The International Powered Access Federation (IPAF) has completed successful trials on an implanted Smart PAL Chip which it expects will help reduce fraudulent machine use, the fraudulent use of a PAL Card and improve convenience for certified operators.
The federation believes that it is one of the very first training certification schemes to offer this ground breaking technology, which piggy backs on the successful implementation of its smart card system which became standard on all PAL Cards issued since January 2014. There are already around 210,000 valid Smart PAL Cards in circulation.
A microchip, similar in technology terms, to that used in the PAL Smart Card, is inserted under the loose skin of the forearm, just above the wrist, or in the fleshy area between the thumb and index finger. The tiny chip - roughly the size of a grain of rice - is injected- or rather ‘implanted’ under the skin in a process that takes a minute or two from start to finish, and can be carried out by any IPAF trainer who has received the relevant training.
The sanitized chips are delivered pre-loaded in a disposable injector, ensuring that the entire process is both clean and easy to administer. The preliminary tests have been carried out in Switzerland, where over 130 operators are now equipped with them. The first one was implanted nine months ago in the wrist of IPAF research & development manager Rupert Douglas-Jones, who has been testing it ever since. “Embedding the chip was painless and is one of several ideas that we are have on test. It is very convenient and certainly beats all of the other ideas that we are working on in this area” he said.
An operator equipped with an internal chip simply waves his hand/arm past the standard reader installed on a machine in order to activate it. Alternatively job sites can install PAL Card readers at the entrance, or use a compact hand held device - allowing those equipped with the chips to be approved to operate the relevant equipment as they arrive on site. The process is quick and avoids the need to remove a card from a wallet or pocket.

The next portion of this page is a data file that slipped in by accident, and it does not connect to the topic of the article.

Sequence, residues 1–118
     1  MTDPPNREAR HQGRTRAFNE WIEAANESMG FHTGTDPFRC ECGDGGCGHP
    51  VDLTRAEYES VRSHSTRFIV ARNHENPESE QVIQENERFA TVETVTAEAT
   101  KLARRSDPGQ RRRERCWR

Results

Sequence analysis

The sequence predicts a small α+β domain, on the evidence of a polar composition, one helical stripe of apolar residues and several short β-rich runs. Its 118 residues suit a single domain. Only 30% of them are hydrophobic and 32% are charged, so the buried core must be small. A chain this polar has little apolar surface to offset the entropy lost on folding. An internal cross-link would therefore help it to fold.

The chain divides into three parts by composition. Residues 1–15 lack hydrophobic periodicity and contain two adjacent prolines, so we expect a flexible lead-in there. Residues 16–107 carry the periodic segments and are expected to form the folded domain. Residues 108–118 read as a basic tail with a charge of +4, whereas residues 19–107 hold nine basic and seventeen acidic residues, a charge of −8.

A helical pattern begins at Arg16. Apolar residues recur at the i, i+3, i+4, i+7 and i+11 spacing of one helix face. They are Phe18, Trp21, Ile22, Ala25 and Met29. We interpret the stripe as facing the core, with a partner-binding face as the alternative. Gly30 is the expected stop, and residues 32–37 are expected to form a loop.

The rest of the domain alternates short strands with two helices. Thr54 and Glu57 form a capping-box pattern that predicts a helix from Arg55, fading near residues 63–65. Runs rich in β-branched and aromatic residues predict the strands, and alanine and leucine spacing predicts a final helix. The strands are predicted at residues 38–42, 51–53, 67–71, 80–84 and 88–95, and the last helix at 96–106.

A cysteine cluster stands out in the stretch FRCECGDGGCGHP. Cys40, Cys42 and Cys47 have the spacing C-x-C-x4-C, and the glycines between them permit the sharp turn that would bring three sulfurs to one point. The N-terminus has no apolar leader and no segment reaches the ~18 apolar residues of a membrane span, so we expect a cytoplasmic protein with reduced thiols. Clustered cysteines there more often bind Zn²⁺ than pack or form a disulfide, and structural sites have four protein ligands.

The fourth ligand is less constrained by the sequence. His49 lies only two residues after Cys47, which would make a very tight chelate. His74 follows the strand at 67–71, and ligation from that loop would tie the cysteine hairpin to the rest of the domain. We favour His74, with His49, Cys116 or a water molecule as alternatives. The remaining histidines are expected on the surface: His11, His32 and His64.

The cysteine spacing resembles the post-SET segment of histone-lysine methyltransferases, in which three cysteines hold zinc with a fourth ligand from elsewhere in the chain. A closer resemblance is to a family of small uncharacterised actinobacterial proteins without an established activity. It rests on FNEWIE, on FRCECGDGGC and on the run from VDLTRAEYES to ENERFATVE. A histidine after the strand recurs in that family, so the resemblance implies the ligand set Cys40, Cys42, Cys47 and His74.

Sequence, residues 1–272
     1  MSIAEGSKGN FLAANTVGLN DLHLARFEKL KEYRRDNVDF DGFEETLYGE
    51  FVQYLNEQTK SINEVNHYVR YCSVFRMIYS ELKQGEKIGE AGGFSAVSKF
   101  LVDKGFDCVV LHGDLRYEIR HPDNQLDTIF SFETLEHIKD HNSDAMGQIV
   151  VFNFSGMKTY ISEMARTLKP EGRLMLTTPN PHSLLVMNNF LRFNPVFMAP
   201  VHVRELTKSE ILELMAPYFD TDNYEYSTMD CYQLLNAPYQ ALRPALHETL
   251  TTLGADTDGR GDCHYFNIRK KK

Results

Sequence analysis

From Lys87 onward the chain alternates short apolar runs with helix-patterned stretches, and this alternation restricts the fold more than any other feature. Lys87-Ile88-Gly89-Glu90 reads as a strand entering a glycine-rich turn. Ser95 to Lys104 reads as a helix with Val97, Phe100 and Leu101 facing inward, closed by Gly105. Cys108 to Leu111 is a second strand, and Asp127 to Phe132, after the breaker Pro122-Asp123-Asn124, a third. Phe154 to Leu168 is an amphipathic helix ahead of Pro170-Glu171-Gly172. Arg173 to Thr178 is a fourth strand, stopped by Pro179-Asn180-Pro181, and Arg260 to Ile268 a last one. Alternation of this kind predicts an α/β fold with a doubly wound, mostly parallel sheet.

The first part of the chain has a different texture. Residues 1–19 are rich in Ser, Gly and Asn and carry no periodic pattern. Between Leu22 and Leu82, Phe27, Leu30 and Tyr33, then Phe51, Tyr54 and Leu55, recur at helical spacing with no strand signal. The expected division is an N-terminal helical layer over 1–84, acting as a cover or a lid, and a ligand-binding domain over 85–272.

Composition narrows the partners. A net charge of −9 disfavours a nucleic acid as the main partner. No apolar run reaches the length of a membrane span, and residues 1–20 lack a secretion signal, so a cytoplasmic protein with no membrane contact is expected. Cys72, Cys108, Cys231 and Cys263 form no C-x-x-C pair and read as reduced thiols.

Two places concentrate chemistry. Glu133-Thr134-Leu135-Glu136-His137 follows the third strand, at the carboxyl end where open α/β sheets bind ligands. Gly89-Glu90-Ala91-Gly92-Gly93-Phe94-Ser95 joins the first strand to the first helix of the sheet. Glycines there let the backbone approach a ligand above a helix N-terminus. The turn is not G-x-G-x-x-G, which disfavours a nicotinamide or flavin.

The installed chips have also been tested through all airport security systems and are so small that they do not set off any scanners, or even cause issues with the latest full body scanners. Operators who have the chip installed claim that it has been incredibly liberating, eliminating any chance of losing the card, leaving it behind when going to work or damaging it. It also means that when working on sites where they have concerns about personal security they do not need to take their wallets out. Conversely some high security sites, where visitors or employees are not permitted to take any personal effects in, are expected to be particularly welcoming of this new technology.
The chips will have the same five year life as the regular PAL card, but can be reactivated externally, when the relevant refresher training course has been passed. This makes renewal simple and easy. Should an operator wish to have the chip removed, the process can be carried out by those certified to insert them and takes roughly five to 10 minutes.
IPAF chief executive Tim Whiteman said: “When we added the microchip to the PAL Card to create the Smart card, our supplier mentioned that this new technology was on the way, and asked if we would like to be one of the pioneer companies in its test programme. It just seemed like a perfect opportunity for us to move forward and demonstrate the innovative nature of our industry. The basic technology is not new, it has been used to tag dogs, horses and other mammals for many years, to the point where some countries are now making it a mandatory requirement for dogs”.
“The programme will be rolled out initially in the UK, Germany and the Netherlands, our biggest challenge is to train and certify sufficient installers to implant the chips. Initially it will be offered as an option alongside the Smart card, but we expect that within three years the uptake will exceed 50 percent”.
While we understand the thinking behind this new initiative and applaud IPAF’s forward looking and innovative thinking on this, it does slightly smack of Big Brother and a dystopian future. We like the idea that the industry is leading the world on this, but think that it might be a little too far ahead of its time?
We look forward to seeing how the take up goes, but feel that IPAF’s aim to reach a 50 percent penetration rate by 2019 might just be a tad optimistic. Perhaps April the first 2020 would be a more realistic date?